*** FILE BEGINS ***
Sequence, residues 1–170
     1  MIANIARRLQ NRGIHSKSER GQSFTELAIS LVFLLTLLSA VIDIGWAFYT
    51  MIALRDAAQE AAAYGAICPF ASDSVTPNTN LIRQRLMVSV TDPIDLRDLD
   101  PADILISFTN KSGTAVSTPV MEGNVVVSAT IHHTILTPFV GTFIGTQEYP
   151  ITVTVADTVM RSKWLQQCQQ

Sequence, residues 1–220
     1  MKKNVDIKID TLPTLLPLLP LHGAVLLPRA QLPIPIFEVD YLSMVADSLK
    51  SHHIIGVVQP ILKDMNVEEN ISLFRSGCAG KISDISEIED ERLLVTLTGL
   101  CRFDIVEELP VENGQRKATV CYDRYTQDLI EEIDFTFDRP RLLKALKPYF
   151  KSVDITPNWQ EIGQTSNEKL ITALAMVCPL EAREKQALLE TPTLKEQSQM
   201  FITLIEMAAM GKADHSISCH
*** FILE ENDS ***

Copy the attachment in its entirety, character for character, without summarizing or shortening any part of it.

Sequence, residues 1–170
     1  MIANIARRLQ NRGIHSKSER GQSFTELAIS LVFLLTLLSA VIDIGWAFYT
    51  MIALRDAAQE AAAYGAICPF ASDSVTPNTN LIRQRLMVSV TDPIDLRDLD
   101  PADILISFTN KSGTAVSTPV MEGNVVVSAT IHHTILTPFV GTFIGTQEYP
   151  ITVTVADTVM RSKWLQQCQQ

Sequence, residues 1–220
     1  MKKNVDIKID TLPTLLPLLP LHGAVLLPRA QLPIPIFEVD YLSMVADSLK
    51  SHHIIGVVQP ILKDMNVEEN ISLFRSGCAG KISDISEIED ERLLVTLTGL
   101  CRFDIVEELP VENGQRKATV CYDRYTQDLI EEIDFTFDRP RLLKALKPYF
   151  KSVDITPNWQ EIGQTSNEKL ITALAMVCPL EAREKQALLE TPTLKEQSQM
   201  FITLIEMAAM GKADHSISCH